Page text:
Renaissance and Reformation Alessandra Macinghi Strozzi
by
Judith Bryce
  • LAST MODIFIED: 11 January 2018
  • DOI: 10.1093/obo/9780195399301-0373

Introduction

Alessandra Strozzi (née Macinghi) (Florence, c. 1406–1471), the widow of a member of the Florentine mercantile patriciate, Matteo di Simone Strozzi (1397–1435), is known to posterity primarily as the author of seventy-three surviving letters dated between 1447 and 1470. All, with the exception of one to Iacopo Strozzi (1404–1461), a cousin of her late husband resident in Bruges, are written to her sons, Filippo (1428–1491, later known as Filippo il Vecchio or The Elder), Lorenzo (1432–1479), and Matteo (1436–1459). The family’s history was marked by the trauma of exile, initially in 1434 to Pesaro on the Adriatic coast at the instigation of the de facto ruler of Florence, Cosimo de’ Medici (1389–1464). The sentence ended prematurely in 1435 with the death from plague of Matteo, as well as of three of the children, whereupon a pregnant Alessandra, the two older boys previously mentioned, and two daughters, Caterina (1431–1481) and Alessandra (1434–1502), returned to Florence. Financial circumstances dictated that, at the age of twelve or thirteen, the boys again left home, this time to join the firms of Strozzi relatives operating abroad, for example in Barcelona, Valencia, Bruges, Rome, and Naples. In November 1458, however, history repeated itself, and they were formally exiled by Cosimo de’ Medici’s son and successor, Piero (1416–1469). Physical separation, occasioned first by financial, and, subsequently, by political circumstances, is the raison d’être of their mother’s letter writing, bridging the distance between them, nurturing emotional ties potentially weakened by absence and by time, and allowing her to continue to fulfil her duties of maternal care, for example in relation to their physical and spiritual well-being. In addition, she reported on a host of practical matters relating to family property and finance, conveyed news about the city’s complex and often fast-evolving political situation (the ultimate aim being to discover the ways and means by which pardon and repatriation might be obtained), and offered a detailed account of the efforts made on her sons’ behalf to engineer good marriages for them, thereby ensuring the continuation of the lineage. The final three extant letters of the correspondence, dating from 1469 and 1470, postdate the lifting of the ban of exile in September 1466. They reveal a satisfactory outcome as regards her sons’ marriages and the arrival of the first grandchildren. First published in 1877, her letters constitute both a precious human document and an invaluable scholarly resource.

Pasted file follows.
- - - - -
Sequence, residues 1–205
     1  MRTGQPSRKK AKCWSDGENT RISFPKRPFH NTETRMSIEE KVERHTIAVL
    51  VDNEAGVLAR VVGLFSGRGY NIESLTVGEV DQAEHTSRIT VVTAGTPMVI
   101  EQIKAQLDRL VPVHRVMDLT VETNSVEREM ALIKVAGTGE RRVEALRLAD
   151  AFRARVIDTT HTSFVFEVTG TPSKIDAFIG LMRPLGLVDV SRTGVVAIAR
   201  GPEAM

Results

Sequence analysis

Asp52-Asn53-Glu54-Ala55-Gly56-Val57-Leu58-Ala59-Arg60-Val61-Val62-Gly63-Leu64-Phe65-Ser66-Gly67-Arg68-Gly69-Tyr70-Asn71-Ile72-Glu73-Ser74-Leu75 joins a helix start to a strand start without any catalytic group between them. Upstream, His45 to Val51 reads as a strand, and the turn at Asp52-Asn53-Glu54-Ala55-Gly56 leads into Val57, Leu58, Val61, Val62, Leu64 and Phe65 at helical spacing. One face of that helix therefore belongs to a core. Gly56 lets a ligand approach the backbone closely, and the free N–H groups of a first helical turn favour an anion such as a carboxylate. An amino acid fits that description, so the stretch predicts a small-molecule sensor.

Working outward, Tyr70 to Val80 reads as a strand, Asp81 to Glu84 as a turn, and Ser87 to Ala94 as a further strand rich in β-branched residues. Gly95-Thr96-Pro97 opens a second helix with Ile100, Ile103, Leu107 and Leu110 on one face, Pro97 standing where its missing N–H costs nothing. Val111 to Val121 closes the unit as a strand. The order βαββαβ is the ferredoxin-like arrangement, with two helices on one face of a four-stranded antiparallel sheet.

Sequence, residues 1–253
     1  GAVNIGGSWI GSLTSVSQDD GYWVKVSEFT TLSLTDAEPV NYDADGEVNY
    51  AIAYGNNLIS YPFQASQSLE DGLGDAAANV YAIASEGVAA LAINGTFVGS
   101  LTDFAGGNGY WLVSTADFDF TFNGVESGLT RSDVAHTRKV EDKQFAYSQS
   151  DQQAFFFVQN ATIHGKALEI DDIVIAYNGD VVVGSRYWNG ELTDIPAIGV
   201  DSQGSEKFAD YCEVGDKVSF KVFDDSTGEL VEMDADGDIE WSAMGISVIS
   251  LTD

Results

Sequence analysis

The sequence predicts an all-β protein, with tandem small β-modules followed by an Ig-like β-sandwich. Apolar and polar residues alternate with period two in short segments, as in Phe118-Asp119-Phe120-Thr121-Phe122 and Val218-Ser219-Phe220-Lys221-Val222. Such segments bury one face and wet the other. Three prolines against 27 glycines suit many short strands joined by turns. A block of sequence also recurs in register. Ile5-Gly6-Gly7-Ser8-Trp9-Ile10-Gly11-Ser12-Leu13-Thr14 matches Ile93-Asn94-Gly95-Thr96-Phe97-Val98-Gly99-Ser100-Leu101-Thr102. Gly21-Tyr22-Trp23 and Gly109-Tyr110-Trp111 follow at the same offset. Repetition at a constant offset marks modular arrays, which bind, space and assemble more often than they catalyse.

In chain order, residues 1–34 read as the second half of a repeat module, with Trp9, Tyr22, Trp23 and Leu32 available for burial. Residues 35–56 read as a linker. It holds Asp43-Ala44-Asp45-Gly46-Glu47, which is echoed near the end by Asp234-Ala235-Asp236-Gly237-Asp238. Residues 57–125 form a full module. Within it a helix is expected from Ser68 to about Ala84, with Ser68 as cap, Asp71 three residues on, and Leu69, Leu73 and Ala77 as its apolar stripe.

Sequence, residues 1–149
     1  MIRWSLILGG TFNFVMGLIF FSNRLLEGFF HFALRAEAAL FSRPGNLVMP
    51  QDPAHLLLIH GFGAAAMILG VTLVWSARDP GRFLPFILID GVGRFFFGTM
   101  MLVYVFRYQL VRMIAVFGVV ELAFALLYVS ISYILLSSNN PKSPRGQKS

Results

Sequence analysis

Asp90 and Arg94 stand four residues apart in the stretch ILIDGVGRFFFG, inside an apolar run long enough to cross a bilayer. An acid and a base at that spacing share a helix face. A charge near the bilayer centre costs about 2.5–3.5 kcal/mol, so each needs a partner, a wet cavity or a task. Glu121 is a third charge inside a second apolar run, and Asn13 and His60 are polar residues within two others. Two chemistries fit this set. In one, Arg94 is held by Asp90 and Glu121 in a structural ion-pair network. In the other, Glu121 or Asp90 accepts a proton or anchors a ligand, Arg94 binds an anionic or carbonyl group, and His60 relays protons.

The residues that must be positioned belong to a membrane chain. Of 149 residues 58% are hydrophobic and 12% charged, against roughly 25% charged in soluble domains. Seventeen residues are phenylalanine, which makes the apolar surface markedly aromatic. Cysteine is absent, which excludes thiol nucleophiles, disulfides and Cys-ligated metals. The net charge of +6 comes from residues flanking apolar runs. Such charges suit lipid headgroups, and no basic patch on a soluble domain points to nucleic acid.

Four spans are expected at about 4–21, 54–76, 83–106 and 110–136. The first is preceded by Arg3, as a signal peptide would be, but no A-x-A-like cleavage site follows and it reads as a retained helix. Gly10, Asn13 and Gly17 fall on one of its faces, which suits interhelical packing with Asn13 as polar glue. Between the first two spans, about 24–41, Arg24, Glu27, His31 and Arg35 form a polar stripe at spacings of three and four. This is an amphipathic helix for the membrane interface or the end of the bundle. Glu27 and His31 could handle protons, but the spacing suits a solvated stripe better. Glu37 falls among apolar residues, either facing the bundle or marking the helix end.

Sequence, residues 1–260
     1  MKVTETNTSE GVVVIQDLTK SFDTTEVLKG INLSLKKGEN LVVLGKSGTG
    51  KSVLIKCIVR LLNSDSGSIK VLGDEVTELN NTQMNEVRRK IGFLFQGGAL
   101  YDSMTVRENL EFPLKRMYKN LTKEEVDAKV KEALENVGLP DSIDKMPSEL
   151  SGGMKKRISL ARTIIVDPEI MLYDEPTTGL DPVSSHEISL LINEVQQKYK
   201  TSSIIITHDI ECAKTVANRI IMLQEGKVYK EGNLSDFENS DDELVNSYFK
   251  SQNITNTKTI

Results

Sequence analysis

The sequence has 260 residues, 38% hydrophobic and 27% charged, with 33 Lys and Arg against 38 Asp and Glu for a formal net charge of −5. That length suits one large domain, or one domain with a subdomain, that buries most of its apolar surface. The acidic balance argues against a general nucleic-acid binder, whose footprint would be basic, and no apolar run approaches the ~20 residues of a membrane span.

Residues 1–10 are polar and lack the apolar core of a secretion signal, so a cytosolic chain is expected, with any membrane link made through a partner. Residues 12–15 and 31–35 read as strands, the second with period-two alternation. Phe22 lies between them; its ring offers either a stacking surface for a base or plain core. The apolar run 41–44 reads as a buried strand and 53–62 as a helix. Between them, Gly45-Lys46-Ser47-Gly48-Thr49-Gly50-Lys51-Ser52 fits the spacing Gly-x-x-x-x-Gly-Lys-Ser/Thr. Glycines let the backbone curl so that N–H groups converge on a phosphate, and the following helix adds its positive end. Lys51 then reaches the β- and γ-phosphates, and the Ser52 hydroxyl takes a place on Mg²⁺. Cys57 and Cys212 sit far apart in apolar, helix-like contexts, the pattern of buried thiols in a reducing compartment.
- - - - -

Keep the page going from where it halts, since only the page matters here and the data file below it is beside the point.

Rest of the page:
General Overviews

Although Alessandra’s letters have long been well known and widely available (see Transmission History, Editions, and Translations), it is only recently with Crabb 2000 that she has been the subject of a book-length study. Brucker 1998 remains a very accessible illustrated introduction to Florence in the 14th and 15th centuries, while Najemy 2006 offers a dense political narrative over a wider period, and Black and Law 2015 narrows the focus to the 15th-century Medici. Hay and Law 1989 helps to set the city state in the wider context of the Italian peninsula. Two excellent books that rise to the challenge of providing an overview of the Renaissance are Cox 2016 and King 2017. Schaus 2006 is a useful reference work that covers the period up to 1500 with a specific focus on women and gender. See also the separate Oxford Bibliographies in Renaissance and Reformation article The Renaissance. Lastly, Frick 2002 and the contributions in Ajmar-Wollheim and Dennis 2006 offer fascinating insights into aspects of the material culture of the period.

  • Ajmar-Wollheim, Marta, and Flora Dennis, eds. At Home in Renaissance Italy. London: V & A, 2006.

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    Based on the stunning Victoria and Albert Museum exhibition in London. Useful for a better understanding of aspects of the material world revealed in Alessandra’s letters. Articles range from housework to domestic devotional art and from tableware to textiles and clothing. Some brief references to Alessandra herself.